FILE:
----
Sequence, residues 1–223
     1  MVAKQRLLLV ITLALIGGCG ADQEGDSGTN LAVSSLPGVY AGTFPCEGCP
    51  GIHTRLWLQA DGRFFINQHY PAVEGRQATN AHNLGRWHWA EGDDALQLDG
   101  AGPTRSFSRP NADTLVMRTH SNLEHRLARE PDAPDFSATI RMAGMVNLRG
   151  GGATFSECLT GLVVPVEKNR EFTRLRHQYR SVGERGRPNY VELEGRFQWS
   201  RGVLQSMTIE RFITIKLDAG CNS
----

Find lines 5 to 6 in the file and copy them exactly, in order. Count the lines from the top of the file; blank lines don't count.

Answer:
   151  GGATFSECLT GLVVPVEKNR EFTRLRHQYR SVGERGRPNY VELEGRFQWS
   201  RGVLQSMTIE RFITIKLDAG CNS